Edited By Zhu Liyuan and Gene Blocker
Comparative Concepts of Natural Beauty: Chen Wangheng 323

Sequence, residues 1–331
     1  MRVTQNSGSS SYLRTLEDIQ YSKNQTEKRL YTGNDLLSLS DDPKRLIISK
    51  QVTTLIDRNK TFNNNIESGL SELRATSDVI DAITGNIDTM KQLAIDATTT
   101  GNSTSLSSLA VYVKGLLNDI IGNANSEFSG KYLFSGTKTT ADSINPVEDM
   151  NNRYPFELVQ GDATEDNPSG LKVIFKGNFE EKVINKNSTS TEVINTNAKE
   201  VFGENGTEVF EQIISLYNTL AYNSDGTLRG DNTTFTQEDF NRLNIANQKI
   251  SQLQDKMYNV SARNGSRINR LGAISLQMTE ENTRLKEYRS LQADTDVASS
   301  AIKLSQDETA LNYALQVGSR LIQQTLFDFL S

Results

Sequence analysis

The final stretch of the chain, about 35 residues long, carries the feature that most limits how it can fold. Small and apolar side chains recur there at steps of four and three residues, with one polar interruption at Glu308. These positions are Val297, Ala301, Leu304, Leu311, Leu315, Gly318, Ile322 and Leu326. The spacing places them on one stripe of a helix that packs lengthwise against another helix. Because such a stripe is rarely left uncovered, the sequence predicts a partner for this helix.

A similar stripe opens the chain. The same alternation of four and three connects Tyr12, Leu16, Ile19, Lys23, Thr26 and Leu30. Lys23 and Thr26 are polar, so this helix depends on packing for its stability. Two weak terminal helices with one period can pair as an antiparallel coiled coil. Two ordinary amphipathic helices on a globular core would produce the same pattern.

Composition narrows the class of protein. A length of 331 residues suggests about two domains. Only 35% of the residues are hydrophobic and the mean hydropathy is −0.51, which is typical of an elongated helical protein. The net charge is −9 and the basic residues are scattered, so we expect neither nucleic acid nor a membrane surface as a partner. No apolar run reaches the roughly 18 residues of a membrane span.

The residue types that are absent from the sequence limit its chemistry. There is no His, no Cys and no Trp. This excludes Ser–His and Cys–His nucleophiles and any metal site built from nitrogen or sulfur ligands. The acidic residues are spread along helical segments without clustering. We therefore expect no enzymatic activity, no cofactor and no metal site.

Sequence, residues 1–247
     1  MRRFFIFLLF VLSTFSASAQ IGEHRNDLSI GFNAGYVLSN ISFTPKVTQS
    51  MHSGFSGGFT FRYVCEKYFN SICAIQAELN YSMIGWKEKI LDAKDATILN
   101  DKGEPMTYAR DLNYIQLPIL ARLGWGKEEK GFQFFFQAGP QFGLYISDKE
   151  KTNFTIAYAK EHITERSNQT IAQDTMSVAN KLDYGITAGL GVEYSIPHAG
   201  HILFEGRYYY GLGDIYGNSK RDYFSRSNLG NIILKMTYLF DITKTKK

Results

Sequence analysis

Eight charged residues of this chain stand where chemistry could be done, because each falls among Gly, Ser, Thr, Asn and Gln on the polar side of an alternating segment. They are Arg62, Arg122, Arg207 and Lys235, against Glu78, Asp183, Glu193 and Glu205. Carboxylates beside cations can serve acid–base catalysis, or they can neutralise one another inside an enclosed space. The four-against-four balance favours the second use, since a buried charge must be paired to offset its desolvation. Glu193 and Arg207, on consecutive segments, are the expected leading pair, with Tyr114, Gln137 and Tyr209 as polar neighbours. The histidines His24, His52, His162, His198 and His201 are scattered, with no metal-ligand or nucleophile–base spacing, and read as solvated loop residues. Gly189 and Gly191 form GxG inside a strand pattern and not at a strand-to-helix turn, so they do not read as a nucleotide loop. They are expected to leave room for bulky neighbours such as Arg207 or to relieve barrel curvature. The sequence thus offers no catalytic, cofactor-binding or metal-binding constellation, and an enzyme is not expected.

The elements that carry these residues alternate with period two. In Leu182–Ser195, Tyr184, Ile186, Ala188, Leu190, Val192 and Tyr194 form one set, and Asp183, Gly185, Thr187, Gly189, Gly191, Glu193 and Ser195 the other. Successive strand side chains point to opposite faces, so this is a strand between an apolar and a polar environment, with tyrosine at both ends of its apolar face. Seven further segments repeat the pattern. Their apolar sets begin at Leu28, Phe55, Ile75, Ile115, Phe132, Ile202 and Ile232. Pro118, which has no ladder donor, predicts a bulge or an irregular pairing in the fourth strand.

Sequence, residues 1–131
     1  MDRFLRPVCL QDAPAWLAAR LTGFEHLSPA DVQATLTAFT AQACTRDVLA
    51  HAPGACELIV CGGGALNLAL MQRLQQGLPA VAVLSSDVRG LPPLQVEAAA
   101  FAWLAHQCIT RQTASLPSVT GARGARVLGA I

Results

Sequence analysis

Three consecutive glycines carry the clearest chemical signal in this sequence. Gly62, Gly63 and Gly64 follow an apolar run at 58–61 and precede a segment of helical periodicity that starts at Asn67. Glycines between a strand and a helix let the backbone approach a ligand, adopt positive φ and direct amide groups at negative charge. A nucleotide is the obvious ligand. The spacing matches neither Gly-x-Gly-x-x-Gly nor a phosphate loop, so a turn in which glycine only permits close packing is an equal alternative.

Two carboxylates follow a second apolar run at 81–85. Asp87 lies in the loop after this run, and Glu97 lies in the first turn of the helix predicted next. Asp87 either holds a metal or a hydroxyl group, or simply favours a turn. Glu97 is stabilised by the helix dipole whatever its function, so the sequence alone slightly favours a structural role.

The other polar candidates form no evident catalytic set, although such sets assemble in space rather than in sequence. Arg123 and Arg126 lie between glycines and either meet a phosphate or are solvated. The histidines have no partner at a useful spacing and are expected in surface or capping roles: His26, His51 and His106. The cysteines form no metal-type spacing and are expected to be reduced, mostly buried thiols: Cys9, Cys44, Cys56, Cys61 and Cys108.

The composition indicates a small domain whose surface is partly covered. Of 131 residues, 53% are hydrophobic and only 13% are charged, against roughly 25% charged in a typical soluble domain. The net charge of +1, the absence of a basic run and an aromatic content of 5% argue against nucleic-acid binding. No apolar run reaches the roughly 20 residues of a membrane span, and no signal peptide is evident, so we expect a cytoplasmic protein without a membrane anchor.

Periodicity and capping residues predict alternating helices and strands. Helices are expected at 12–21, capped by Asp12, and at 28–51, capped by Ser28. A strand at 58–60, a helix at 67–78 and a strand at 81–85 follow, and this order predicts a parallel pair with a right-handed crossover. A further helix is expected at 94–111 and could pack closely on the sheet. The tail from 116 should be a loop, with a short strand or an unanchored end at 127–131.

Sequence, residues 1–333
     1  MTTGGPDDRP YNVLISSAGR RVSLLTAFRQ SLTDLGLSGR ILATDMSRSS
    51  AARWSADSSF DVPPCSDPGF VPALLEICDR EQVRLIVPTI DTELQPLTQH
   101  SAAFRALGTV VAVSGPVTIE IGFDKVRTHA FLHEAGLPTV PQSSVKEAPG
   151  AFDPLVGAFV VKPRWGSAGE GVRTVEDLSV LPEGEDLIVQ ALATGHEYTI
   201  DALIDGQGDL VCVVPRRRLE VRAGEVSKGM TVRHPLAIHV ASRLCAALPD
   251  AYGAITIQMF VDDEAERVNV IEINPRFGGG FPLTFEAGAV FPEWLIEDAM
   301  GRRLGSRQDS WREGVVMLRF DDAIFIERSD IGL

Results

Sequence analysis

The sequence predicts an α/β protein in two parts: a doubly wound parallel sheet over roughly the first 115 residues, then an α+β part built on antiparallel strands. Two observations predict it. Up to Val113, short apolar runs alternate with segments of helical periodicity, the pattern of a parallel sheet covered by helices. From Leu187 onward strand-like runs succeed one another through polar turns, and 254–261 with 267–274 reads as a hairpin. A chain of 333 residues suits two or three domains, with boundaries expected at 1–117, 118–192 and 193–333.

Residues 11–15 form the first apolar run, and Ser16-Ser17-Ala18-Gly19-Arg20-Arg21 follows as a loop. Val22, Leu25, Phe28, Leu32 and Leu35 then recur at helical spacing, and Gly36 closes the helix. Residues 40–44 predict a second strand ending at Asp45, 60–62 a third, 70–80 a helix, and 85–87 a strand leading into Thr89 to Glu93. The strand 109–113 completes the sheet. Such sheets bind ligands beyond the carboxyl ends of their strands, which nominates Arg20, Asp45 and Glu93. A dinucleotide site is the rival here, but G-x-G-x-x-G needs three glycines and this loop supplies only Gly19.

Comparative Concepts of Natural Beauty Chen Wangheng The Chinese adopt a different approach to the relationship between man and nature from Westerners. It is the difference in cultural tradition, particularly in philosophical tradition, that has caused the disparity between Chinese and Western concepts of natural beauty. "The unity of heaven and man," the quintessence of Chinese philosophy, seeks to establish a close and harmonious relationship between man and man as well as between man and nature. All the three main schools of philosophy-he Confucian, the Taoist, and the Chan-na (Chan, or Zen Buddhist sect)-preach the "unity of heaven and man," but they stress different things. The Confucians proceed from political and ethical considerations; the Taoists are motivated by a desire to seek spiritual freedom by conforming to natural laws; and the attainment of enlightenment and Buddhahood through intuition taught by the Zen Buddhists presupposes a harmonious co-existence with nature, which is to them full of wonders and mysteries waiting to be discovered and understood, for "the green bamboos hold dharma; the bright chrysanthemums exude prajna." All three schools seek to build a perceptual and emotional relationship with nature on the basis of non-utilitarian and non-scientific understanding. One of the main characteristics of Confucian teachings is the union of external ethical nornlS with the inner feelings and desires of individuals. "The Master said on the river bank: 'Fleeting time flows by day and night like this water,"' a pronouncement full of emotional colors which characterizes the Confucian 324 Contemporary...
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